Friday, October 25, 2013
For over a decade, CAPTCHAs have used visual puzzles to help webmasters keep automated software from engaging in abusive activities on their sites. However, over the last few years advances in artificial intelligence have reduced the gap between human and machine capabilities in deciphering distorted text. Today, a successful CAPTCHA solution needs to go beyond just relying on text distortions to separate man from machine.
The reCAPTCHA team has been performing extensive research and making steady improvements to learn how to better protect users from attackers. As a result, reCAPTCHA is now more adaptive and better-equipped to distinguish legitimate users from automated software.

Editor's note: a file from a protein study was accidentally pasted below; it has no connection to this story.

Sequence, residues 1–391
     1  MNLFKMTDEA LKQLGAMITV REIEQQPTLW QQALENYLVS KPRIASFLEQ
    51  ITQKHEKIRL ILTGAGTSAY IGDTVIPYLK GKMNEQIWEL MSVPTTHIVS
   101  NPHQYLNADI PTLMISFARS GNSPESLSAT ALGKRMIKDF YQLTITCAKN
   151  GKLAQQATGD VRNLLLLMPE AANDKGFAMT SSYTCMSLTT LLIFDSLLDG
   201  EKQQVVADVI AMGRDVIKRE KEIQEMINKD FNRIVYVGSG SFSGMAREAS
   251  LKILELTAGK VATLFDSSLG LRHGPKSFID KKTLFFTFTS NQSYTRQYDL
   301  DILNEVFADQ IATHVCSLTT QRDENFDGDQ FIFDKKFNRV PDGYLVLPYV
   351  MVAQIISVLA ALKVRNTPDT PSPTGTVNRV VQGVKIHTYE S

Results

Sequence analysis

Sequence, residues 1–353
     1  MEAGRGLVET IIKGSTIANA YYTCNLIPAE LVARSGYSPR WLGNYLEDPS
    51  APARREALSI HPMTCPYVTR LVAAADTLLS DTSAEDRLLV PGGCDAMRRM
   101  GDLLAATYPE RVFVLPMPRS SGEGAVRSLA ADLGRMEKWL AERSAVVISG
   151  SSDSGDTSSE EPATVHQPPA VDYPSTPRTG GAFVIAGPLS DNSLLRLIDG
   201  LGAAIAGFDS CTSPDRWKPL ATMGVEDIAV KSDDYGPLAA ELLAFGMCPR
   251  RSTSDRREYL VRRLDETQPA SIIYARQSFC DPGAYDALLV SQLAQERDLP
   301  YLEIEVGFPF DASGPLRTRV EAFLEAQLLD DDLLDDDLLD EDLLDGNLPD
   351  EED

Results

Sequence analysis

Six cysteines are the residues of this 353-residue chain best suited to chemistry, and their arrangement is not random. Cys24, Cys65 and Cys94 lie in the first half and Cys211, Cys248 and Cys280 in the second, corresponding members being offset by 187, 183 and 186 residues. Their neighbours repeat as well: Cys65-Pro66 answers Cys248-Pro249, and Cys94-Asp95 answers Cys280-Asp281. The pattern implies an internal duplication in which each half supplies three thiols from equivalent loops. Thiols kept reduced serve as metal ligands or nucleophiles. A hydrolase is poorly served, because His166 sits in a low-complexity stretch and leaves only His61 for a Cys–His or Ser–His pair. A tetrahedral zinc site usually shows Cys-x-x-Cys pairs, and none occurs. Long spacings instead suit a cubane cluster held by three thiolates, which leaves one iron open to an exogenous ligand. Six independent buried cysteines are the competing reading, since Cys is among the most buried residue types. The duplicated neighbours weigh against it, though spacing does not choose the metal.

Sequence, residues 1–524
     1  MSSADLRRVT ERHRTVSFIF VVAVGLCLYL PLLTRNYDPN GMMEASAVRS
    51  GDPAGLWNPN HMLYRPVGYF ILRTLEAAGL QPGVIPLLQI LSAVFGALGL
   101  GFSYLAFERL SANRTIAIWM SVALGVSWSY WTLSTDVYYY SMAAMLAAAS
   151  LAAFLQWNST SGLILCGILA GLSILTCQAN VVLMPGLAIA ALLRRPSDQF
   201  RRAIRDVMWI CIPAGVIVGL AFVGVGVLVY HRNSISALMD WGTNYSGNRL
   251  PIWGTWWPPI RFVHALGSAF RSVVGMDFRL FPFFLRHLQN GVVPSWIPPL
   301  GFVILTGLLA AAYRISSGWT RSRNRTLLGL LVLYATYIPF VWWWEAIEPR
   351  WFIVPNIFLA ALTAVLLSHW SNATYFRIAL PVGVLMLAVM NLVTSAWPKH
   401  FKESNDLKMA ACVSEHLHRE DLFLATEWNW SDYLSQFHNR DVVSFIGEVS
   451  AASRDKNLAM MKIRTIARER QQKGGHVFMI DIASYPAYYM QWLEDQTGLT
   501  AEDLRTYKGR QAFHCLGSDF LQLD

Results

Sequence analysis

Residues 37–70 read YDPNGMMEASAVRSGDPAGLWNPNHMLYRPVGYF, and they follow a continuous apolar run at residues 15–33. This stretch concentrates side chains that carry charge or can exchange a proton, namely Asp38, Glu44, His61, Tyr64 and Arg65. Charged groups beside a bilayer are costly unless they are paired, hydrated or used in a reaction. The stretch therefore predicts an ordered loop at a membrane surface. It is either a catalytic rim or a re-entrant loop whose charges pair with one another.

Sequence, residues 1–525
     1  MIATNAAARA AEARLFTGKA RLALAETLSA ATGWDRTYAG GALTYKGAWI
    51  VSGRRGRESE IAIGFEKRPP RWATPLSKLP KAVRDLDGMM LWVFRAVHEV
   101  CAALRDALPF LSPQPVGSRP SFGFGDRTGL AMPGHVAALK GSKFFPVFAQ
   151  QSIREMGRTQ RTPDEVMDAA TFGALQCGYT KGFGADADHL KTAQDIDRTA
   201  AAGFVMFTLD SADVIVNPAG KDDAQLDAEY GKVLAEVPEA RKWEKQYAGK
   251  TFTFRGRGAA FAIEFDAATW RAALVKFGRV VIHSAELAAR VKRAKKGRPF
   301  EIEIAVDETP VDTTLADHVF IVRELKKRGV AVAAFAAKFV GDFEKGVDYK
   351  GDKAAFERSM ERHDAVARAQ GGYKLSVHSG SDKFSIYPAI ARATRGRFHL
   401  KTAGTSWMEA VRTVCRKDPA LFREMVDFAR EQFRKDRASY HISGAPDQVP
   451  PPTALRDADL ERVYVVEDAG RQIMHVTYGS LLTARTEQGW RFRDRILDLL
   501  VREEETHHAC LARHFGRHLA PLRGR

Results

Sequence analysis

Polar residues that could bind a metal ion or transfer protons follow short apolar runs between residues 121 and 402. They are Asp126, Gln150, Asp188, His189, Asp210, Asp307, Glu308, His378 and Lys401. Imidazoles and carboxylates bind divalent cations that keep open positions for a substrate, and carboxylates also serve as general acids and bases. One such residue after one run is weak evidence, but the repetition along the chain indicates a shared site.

The updated system uses advanced risk analysis techniques, actively considering the user’s entire engagement with the CAPTCHA—before, during and after they interact with it. That means that today the distorted letters serve less as a test of humanity and more as a medium of engagement to elicit a broad range of cues that characterize humans and bots.
As part of this, we’ve recently released an update that creates different classes of CAPTCHAs for different kinds of users. This multi-faceted approach allows us to determine whether a potential user is actually a human or not, and serve our legitimate users CAPTCHAs that most of them will find easy to solve. Bots, on the other hand, will see CAPTCHAs that are considerably more difficult and designed to stop them from getting through.
A new and easier numeric CAPTCHA
Humans find numeric CAPTCHAs significantly easier to solve than those containing arbitrary text and achieve nearly perfect pass rates on them. So with our new system, you’ll encounter CAPTCHAs that are a breeze to solve. Bots, however, won’t even see them. While we’ve already made significant advancements to reCAPTCHA technology, we’ll have even more to report on in the next few months, so stay tuned.